Geopolitics and controversies
The Winter Olympics hold important geopolitical significance too. Ahead of the important 20th National Congress of the Chinese Communist Party in November this year, the games will become a platform and propaganda tool for focusing nationalistic support, yet the event will also serve as a geopolitical reality check for leaders of democratic countries, both in the east and west. For many democratic world leaders, China’s rising international power and political ambitions over the last 14 years have seen the country evolve from being compliant with, to being an offender against, the rules-based order. This is the case in both the economic and geopolitical spheres.
Through currency manipulation, vast state subsidies, forced intellectual property transfer and theft, and other non-tariff barriers, Chinese companies have been seen to gain an unfair advantage at the expense of their international competitors. Internationally, observers have witnessed China violating the rule-of-law norms around maritime sovereignty in the South China Sea, frequent incursions into Taiwanese airspace and the premature termination of Hong Kong’s ‘one country two systems’ agreement, along with aggressive ‘Belt and Road’ debt diplomacy in many smaller countries.
Perhaps no international political theme will be as closely associated with the Beijing Winter Olympics, however, as that of human rights and the status of the Xinjiang Uyghurs in particular, against whom western leaders and media accuse China’s leadership of human-rights abuses. This has been met by strong denial from China, but the issue has already led to a diplomatic boycott of the Games by the US, Canada, UK, Australia and several smaller nations. Western companies doing business in China are increasingly caught in the crossfire between Beijing and Washington over the Xinjiang issue. The dozen international corporate sponsors of the Winter Olympics have reportedly invested a collective US$1 billion on securing the official rights to the Games, but outside China are maintaining a low profile of their association for fear of the negative publicity this could cause their brands.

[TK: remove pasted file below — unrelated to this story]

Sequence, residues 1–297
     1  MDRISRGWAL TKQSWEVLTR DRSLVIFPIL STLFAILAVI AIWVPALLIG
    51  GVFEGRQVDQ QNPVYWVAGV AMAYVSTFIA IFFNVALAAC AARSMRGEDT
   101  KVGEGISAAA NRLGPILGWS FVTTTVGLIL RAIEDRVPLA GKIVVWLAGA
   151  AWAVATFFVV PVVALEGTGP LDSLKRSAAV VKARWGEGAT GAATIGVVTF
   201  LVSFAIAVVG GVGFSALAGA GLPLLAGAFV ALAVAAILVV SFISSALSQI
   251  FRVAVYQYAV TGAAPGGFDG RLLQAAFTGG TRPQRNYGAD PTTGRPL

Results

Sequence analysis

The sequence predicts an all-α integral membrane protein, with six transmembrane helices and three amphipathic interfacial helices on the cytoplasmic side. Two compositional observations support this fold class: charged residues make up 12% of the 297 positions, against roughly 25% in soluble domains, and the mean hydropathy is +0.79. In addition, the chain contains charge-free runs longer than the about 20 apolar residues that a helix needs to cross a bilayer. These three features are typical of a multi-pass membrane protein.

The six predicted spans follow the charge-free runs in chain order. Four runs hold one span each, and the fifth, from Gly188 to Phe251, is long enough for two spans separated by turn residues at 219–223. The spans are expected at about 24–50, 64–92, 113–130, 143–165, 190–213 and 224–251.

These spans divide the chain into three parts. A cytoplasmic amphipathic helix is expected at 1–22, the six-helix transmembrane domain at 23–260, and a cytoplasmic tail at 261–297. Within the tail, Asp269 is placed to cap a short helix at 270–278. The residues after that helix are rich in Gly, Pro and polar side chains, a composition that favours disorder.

The Winter Games will offer a window for democracies to increase and coordinate their criticism of China’s human rights. The Biden administration has already made political values and ideology an inclusive part of the great competitive power dynamic with China, and the Olympics will serve as a symbol and channel of this new dynamic. Criticism from western democracies during the games will rankle with China but will not cause Beijing’s policymakers to deviate from their long-term ambitions or strategic objectives. However, it is shorter-term conditions that are likely to be causing a greater sense of malaise for Beijing. While the Games afford China’s leaders a degree of self-congratulation over the nation’s longer-term development, there are three pressing issues that must be addressed once the fog of the Winter Olympics has receded:
- The property market: China’s economic growth decelerated markedly in the second half of 2021, against a backdrop of tightening credit, stricter regulatory enforcement and a slowdown in the housing market. The economy closed the year with a sub-par Q4 growth rate of 4%. The Communist Party’s Central Economic Work Conference last December identified the need to stabilise the economy, and China’s central bank – the People’s Bank of China – has started to loosen liquidity measures and reduce policy rates. Following recent debt defaults by specific property developers and tightening credit for the broader sector, the government must work hard to engineer a soft landing for the property sector and, given the sector’s size and importance, establish a GDP growth floor for 2022. While consensus forecasts are for a real GDP growth rate of 5.2% this year, Beijing’s full attention post the Winter Olympics will need to shift to how to achieve this. The government’s official 2022 growth target will be announced at the National People’s Congress in March.